It’s not hard to ferment vegetables.
Once you learn the basics, you can pretty much ferment any vegetable you can think of, and use any kind of seasonings you want.
The ferment you end up with will nourish you, be delicious, and preserve those vegetables while retaining their nutrients (sometimes even enhancing them!).
Fermenting is both traditional and trendy. Don’t be intimidated, if we can do it with our busy farming schedules, so can you!
Some of our personal favourite seasonal veggies to ferment:
Spring: radishes, salad turnips
Fall: carrots, kohlrabi, cabbage, daikon radishes
We both learned to farm by apprenticing with successful farmers. And that’s how we learned to ferment too (among other food preservation skills).
How to ferment:
Choose vegetables that are fresh…not the ones that are already going bad in the bottom of your crisper.
“Seconds” or imperfect veggies, like the carrots in the photo above, are wonderful for fermenting….the majority of our ferments use these perfectly imperfect “seconds.” If you’re in the market for seconds of veggies to ferment, ask us ahead of time if we have any we can bring to market for you. They’ll likely have parts you’ll need to cut off, but they will be discounted.
You need the good bacteria associated with fresh organic vegetables, not the bacteria that helps compost them.
Produce that has been sprayed with pesticides or washed in sanitizer may have lower amounts of the good bacteria that help create the lactic acid that preserves the veggies.
You don’t need to purchase any starter…..good-quality veggies contain everything they need within them to make a great ferment!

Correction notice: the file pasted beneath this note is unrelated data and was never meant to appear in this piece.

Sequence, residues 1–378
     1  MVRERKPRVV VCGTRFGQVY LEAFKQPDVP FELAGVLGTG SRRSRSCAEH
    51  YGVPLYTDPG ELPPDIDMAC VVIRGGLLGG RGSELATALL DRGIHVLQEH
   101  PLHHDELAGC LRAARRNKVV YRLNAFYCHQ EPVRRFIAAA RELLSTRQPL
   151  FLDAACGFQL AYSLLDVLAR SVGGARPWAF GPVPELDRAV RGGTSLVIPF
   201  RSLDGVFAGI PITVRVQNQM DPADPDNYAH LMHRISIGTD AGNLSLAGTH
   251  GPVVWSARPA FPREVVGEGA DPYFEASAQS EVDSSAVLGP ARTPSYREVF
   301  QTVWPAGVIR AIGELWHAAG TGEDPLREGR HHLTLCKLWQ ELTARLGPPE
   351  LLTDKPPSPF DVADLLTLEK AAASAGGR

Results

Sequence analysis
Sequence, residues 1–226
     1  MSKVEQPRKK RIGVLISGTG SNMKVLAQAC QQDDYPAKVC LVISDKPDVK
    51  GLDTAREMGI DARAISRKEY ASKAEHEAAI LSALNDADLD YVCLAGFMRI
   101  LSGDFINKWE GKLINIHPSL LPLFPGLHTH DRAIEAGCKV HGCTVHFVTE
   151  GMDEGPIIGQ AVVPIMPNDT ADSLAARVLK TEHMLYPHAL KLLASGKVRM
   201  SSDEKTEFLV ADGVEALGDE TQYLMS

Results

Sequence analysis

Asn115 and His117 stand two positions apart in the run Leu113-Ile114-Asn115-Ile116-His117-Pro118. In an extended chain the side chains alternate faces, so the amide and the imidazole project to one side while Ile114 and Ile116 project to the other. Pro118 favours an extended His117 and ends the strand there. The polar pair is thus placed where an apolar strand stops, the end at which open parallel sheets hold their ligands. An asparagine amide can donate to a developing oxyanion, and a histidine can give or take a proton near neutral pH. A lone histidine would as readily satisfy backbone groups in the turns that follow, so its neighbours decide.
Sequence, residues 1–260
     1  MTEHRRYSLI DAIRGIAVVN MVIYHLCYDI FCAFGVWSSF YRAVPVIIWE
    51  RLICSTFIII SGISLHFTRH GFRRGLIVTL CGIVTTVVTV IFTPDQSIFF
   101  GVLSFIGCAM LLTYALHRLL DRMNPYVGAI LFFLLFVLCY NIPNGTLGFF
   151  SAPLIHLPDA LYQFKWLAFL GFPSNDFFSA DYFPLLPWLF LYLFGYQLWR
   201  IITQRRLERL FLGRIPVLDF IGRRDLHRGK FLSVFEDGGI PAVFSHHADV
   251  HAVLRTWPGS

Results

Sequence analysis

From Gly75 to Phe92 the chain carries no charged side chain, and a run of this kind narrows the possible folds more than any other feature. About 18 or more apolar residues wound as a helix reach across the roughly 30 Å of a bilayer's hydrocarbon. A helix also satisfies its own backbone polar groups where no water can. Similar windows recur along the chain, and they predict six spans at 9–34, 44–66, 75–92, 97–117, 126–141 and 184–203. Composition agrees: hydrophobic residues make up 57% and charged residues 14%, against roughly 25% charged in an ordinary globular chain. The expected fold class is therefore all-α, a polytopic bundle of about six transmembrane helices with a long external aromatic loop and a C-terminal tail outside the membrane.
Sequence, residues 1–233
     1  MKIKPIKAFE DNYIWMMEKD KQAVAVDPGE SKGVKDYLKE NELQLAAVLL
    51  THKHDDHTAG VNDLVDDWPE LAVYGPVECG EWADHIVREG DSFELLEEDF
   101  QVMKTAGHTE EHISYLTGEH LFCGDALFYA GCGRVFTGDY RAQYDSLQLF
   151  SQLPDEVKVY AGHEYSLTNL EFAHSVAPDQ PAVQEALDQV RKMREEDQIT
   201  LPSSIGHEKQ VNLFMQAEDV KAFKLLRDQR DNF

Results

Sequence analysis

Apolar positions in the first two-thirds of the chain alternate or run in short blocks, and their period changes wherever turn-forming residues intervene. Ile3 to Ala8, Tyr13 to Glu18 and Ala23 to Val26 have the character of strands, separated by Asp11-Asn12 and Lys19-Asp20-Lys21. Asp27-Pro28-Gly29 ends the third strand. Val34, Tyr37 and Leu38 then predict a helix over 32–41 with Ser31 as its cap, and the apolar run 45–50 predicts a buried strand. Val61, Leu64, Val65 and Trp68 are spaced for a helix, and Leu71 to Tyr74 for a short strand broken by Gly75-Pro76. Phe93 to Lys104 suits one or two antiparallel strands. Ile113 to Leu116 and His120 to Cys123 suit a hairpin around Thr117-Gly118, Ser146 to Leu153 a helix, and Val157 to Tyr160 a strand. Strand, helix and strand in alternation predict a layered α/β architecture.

Leaving on more of the skin and not overly cleaning your veggies with any cleansers is also a good way to retain beneficial bacteria – and ensure fermenting success.
Cut your vegetables into rounds, matchsticks, grate them, or leave them whole…whatever you want. Bigger chunks will take longer to ferment and stay crispy longer.
The basics of lacto-fermentation are:
- add salt to veggies
- make sure they are submerged in liquids (either a salt-water brine, or the veggies’ own juices mixed with salt, as in the case with sauerkraut)
- keep them at the appropriate temperatures, first to promote the fermenting action and then to slow it down
Typically you want to create a 1.5% ratio of salt to vegetables for fermenting veggies.
For example, 1kg of vegetables or 4 cups would need 15 ml or 1 Tbsp of salt.
Using less salt tends to make things ferment faster. Using more salt slows the process down, leaning towards a sourer product in the end.
We like to use salt that also has good trace minerals in it, such as non-iodized sea salt, Himalayan or Redmond Real Salt.
It is important to limit the amount of air the veggies are exposed to.
So you want to pack them tightly in the jar/vessel you are using, and then make sure they will stay submerged below the juices/brine by placing a weight on them, such as a plate, stones, or a sealed bag filled with water (you don’t want to water it down by accident!).
Putting a plate or towel underneath to catch any juices that bubble over during the process of fermentation is a good idea.